[The omissibility of the first and second person pronoun but not the third is discussed in dialectical texts, with a Stoic influence, by Augustine and Martianus Capella.]


We see this idea of the omissibility of the first and second person pronoun but not in the third in other texts with Stoic influence. Augustine for example notes that verbs in first and second person formations indicate both the verb meaning as well as the subject, but third person only indicates the verb meaning (115). [Another example comes from Martianus Capella. See pp.115-116.]

[We see this idea also in Apollonius Dyscolus.]


[We said that Augustine’s commentary on the omissibility of the pronouns is influenced by the Stoics.] The Stoic influence on Augustine’s commentary probably comes through Varro. Apollonius Dyscolus also makes a similar commentary, but his influence is probably Greek sources:

The nominative is implicitly present in verbs, as Apollonius maintains; it is definite in the first and second persons, but indefinite in the third because of the unlimited number of possible referents


[(For metaphysical and logical reasons, the Stoics were interested in referentiality and the predicate. The first and second person pronouns are omissible because the predicate makes a clear reference to the subject. Thus) the later attention to the omissibility of the first and second person pronoun but not to the third is probably of Stoic origin.]


Luhtala argues that this doctrine probably comes from Stoic logic. [The idea might be the following. Two of the matters that Stoics were concerned a lot about were referentiality and the predicate. They were concerned with referentiality perhaps because what is important for them is how the proposition refers to some real state of affairs happening now in the world. And they were perhaps concerned with predicates because in them the states of affairs are indicated. Now, the first and second person verbs or predicates both indicate the state of affairs and it makes a definite reference to the subject involved in it. But the third person lacks this definite referentiality. So given how this grammatical distinction has such great importance with regard to Stoic metaphysics and theory of truth, probably these Stoic values continued to underlie the doctrine as it was later articulated.]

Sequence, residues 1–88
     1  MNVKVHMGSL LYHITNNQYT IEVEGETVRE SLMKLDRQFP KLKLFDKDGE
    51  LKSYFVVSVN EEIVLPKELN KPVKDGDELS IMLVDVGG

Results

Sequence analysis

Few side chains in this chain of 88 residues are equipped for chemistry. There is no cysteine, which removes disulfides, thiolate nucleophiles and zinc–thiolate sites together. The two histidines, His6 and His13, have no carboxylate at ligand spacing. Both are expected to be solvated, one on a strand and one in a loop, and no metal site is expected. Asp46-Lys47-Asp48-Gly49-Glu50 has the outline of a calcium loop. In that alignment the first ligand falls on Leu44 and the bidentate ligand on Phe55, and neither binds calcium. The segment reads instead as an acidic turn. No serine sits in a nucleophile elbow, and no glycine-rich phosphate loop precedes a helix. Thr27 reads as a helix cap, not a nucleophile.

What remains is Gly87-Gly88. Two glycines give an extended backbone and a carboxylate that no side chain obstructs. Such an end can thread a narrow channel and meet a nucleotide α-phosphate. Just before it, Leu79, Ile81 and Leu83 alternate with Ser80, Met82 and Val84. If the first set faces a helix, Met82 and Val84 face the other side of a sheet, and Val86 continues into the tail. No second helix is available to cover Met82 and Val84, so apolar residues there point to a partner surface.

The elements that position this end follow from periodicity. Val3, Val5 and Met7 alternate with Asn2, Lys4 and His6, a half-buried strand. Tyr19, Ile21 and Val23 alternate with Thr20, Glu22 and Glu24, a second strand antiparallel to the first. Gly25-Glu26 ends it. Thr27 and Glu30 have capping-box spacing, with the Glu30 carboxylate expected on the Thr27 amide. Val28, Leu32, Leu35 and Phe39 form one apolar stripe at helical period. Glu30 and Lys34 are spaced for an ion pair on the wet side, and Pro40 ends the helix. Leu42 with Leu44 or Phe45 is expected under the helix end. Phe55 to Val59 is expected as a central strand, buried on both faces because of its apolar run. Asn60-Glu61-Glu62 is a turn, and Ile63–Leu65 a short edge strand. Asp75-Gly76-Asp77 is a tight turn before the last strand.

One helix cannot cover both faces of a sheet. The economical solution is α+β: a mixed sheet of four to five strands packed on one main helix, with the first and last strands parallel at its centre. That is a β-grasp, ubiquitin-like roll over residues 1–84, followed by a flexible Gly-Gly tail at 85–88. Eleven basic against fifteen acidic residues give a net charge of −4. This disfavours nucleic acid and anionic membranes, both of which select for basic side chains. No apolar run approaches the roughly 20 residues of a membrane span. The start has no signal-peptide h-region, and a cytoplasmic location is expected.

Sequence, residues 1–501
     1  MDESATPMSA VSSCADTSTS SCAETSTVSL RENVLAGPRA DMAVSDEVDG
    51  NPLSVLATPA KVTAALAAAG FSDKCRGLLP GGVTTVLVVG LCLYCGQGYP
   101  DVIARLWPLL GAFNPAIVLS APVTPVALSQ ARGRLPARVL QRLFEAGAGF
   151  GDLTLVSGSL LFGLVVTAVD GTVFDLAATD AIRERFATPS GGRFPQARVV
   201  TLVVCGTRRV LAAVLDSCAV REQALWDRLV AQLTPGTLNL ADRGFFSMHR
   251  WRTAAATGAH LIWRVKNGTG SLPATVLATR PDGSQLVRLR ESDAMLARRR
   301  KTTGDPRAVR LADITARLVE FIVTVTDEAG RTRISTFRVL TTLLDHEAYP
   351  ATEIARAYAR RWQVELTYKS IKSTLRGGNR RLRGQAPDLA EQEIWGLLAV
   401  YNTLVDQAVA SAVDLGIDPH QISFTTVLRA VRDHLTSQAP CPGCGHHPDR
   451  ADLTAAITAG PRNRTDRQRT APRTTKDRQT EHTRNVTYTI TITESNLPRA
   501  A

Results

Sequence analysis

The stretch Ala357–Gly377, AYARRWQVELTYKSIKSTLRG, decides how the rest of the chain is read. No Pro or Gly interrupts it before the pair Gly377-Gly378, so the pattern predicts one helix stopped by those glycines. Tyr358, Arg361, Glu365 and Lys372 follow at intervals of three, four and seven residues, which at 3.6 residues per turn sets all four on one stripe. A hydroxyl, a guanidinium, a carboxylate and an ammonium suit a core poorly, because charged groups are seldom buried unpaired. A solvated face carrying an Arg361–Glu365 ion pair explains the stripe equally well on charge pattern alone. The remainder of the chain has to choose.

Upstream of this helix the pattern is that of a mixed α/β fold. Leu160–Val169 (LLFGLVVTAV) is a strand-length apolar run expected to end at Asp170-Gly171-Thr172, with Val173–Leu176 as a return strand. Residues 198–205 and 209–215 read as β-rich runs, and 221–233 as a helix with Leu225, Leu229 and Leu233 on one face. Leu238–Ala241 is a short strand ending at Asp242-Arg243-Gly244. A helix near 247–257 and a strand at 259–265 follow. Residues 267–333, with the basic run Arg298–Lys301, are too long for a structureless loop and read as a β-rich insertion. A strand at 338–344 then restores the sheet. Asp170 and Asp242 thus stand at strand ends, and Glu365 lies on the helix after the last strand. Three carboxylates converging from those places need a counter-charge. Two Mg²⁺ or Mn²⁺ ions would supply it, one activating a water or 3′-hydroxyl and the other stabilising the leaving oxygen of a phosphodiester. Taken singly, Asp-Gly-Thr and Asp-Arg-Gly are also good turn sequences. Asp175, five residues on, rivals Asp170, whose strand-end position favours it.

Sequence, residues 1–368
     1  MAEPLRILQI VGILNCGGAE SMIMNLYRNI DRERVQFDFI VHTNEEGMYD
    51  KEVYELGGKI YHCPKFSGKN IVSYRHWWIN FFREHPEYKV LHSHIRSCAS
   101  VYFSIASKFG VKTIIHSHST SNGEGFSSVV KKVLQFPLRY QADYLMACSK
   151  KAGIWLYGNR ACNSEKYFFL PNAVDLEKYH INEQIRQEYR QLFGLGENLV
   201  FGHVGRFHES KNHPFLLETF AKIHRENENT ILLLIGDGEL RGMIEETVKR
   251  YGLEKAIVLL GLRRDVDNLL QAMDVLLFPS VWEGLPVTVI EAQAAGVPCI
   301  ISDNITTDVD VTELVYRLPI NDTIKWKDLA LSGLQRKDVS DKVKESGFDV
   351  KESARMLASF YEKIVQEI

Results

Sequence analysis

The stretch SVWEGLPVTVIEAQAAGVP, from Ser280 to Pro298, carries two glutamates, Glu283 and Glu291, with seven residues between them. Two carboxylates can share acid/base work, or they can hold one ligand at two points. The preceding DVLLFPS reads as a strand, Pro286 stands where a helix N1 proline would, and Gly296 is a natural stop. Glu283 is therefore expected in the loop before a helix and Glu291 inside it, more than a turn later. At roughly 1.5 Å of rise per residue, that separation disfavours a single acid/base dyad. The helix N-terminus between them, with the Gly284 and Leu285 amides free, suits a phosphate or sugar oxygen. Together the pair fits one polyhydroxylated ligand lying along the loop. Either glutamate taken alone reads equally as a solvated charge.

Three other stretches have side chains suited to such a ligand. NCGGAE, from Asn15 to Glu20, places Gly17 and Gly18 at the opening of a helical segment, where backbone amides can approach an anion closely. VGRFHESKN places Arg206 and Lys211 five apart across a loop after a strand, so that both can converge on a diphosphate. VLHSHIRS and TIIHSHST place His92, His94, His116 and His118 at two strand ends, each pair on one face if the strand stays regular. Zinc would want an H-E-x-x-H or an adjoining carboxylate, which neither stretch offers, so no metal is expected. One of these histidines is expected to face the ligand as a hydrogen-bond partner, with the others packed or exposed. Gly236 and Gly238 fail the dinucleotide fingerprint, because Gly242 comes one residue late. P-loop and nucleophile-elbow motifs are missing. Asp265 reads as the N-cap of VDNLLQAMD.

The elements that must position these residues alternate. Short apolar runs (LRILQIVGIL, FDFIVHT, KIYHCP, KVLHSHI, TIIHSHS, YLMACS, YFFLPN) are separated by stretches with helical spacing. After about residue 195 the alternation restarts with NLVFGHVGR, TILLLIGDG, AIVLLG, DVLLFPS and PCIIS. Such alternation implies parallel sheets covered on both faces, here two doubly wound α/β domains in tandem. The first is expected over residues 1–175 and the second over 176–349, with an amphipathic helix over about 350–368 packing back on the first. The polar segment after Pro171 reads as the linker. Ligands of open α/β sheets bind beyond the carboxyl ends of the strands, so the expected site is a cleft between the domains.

It is likely that this piece of doctrine, which is commonplace in both dialectical and grammatical works, originates in Stoic logic. I conclude that propositions such as ‘I walk’, ‘you walk’ and ‘that man walks’ (περιπατῶ, περιπατεῖς, οὗτος περιπατεῖ ) probably figure highest in the Stoic hierarchy of referentiality. The fact that the predicate contains an element of reference in such forms as ‘I walk’, ‘you walk’ (περιπατῶ, περι- | πατεῖς) contributes to the predicate-centredness of the Stoic approach. Moreover, the fact that the ‘subject’ can be a covert element renders the Stoic notion of case (πτῶσις) even more complex.







Luhtala, Anneli. 2000. On the Origin of Syntactical Description in Stoic Logic. Münster: Nodus.